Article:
VICTORIA - British Columbia has among the healthiest people - and the best health care - anywhere in the world.
Life expectancy in British Columbia, at 82 years, is the highest in North America - topping all other provinces and states, and is amongst the best across all OECD countries. British Columbia also has the best survival rate for heart disease in Canada; the lowest incidence of cancer; and among those who do get cancer, the very best survival rates.
In B.C., we spend the third-lowest per capita on health care, but have some of the best outcomes in Canada, and we continue to work towards an innovative and sustainable health care system.
The ministry released Setting Priorities for the BC Health System, which addresses the health care needs of today and tomorrow rather than continuing to practice under a system largely designed in the 1960s. In order to bring about this change, we have developed a series of policy papers. These papers focus on how we can move away from our dependence on hospitals by building community and primary care capacity, better managing surgical services, revitalizing rural health care and continuing to promote healthy lifestyles.
Ways B.C. is improving overall health outcomes for British Columbians:
- B.C. has the overall best cancer survival rates in Canada. According to 2015 estimates in the Canadian Cancer Society's Canadian Cancer Statistics report. In addition, B.C. men and women have the:
- Lowest overall mortality rate for all cancers in Canada.
- Third lowest overall incidence rate of cancer in the country.
- Lowest incidence rate for lung and colorectal cancers.
- Among the best survival rates for breast cancer in Canada.
- According to the Cancer Advocacy Coalition of Canada, B.C. is a leader in cancer care in Canada, and the first in Canada to offer complementary and integrated care through InspireHealth and Healthy Families BC.
- In addition, B.C. has implemented a provincial regulation banning youth under the age of 18 from ultraviolet (UV) tanning, to reduce their risk of developing cancer later in life. The World Health Organization has found that indoor tanning before the age of 35 raises the risk of melanoma by 75 per cent.
- The BC Cancer Agency provides comprehensive cancer screening programs, such as the screening mammography program and the cervical cancer screening program. In addition, the provincial colorectal cancer screening program was rolled out in the province in 2013.
- B.C. has the lowest heart attack rate in Canada. A 2013 report from the Canadian Institute for Health Information confirms that British Columbia has the lowest overall heart attack rate per capita in Canada and leads the country in several other health indicators. The report estimates if all provinces had the same heart attack rate as B.C., there would be a potential decline of 19.5 per cent in the national heart attack rate.
- We also have the lowest heart disease mortality rate in Canada, according to the Canadian Institute for Health Information.
- B.C. has the lowest smoking rates in Canada, at 16.2 per cent - and this is thanks in part due to the Ministry of Health's tobacco control initiatives, such as tobacco taxation, restricting where smoking is allowed, and supporting smokers to quit through programs like the Smoking Cessation Program. This program provides coverage of prescription medications or free nicotine replacement therapies, and other supports to help British Columbians stop smoking. Since its inception in 2011, more than 178,000 people have accessed B.C.’s Smoking Cessation program.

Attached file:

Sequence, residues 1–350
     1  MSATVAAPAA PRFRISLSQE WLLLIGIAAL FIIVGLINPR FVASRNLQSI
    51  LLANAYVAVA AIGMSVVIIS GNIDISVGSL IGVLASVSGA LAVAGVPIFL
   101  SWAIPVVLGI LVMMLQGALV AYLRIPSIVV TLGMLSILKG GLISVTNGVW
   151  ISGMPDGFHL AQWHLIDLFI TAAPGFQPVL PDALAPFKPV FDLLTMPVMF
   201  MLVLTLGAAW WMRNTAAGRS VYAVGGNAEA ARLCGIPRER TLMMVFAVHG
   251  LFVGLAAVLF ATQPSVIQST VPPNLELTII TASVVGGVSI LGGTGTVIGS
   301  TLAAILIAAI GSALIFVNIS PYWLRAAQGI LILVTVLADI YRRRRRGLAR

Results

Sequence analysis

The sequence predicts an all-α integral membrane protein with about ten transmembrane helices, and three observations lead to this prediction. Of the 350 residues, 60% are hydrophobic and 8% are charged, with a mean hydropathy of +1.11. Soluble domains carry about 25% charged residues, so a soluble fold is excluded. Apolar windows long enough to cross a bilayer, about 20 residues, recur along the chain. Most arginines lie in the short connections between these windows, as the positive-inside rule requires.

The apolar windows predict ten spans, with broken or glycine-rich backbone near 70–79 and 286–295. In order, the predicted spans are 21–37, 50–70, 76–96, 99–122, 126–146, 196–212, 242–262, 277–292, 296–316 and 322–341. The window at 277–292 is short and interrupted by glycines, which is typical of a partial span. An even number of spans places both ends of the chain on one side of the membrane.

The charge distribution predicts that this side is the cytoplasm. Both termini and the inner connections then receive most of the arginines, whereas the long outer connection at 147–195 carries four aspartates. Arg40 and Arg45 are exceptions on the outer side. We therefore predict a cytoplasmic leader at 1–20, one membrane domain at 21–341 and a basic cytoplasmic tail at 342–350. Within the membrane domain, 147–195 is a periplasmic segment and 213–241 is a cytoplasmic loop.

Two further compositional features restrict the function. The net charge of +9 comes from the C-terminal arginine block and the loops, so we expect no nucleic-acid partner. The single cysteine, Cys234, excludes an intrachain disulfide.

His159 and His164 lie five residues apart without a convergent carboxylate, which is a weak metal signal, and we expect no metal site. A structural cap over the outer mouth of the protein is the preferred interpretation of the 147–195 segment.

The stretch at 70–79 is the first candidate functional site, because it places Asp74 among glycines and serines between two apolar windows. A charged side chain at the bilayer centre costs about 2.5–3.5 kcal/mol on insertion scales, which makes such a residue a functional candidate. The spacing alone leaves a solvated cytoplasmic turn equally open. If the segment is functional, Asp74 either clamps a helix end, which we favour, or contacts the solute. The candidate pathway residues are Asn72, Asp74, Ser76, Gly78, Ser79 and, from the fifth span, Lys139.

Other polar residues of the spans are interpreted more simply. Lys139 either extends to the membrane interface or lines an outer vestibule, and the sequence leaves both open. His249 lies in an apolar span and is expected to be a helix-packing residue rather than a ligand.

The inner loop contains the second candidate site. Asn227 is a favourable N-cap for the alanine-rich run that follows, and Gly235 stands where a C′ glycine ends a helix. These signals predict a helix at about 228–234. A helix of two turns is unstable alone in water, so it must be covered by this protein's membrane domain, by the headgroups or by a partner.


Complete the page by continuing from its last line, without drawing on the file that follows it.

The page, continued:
- In addition, the Tobacco and Vapour Products Act provides a baseline of protection against second-hand smoke for British Columbians all throughout the province in outdoor spaces - everyone must have a buffer zone of three meters from most public and workplaces - and all schools in B.C. are completely tobacco free at all times. The Motor Vehicle Act also requires smoke-free vehicles for all children under 16.
- British Columbia is recognized as a global leader in the fight against HIV/AIDS due to the innovative programs that have expanded access to medications and treatments. Since 1996, HIV/AIDS-related deaths have decreased by 80 per cent thanks in large part to programs like Seek and Treat for Optimal Prevention of HIV/AIDS (STOP HIV/AIDS) and Treatment as Prevention.
- Insulin pumps for British Columbians up to age 25 who require them to manage their type 1 diabetes are covered by B.C. PharmaCare and supplies for the pumps (reservoirs and infusion sets) are also covered for children and adults. PharmaCare covers effective therapies for the treatment and management of diabetes, including nine oral medications and 16 insulin products, vials, cartridges (for pumps), and insulin pens. Additionally, PharmaCare covers other diabetic supplies including needles, syringes, and blood glucose test strips
- The Ministry of Health provides a monthly subsidy of up to $250 to assist metabolic disorder patients with the cost of low-protein foods. This support, in conjunction with the free metabolic formula supplied by the Provincial Health Services Authority, aims to ease some of the financial pressure associated with having PKU.
- The agreement with Doctors of BC is another step forward in our continued work to collaborate with doctors on improving health care services for patients. The five year term of this agreement, ending in 2019, provides long term stability for patients and physicians — and provides the opportunity for the parties to focus on working collaboratively to improve health care services.
Laura HeinzeMedia Relations Manager
Ministry of Health
250 952-1887 (Media line)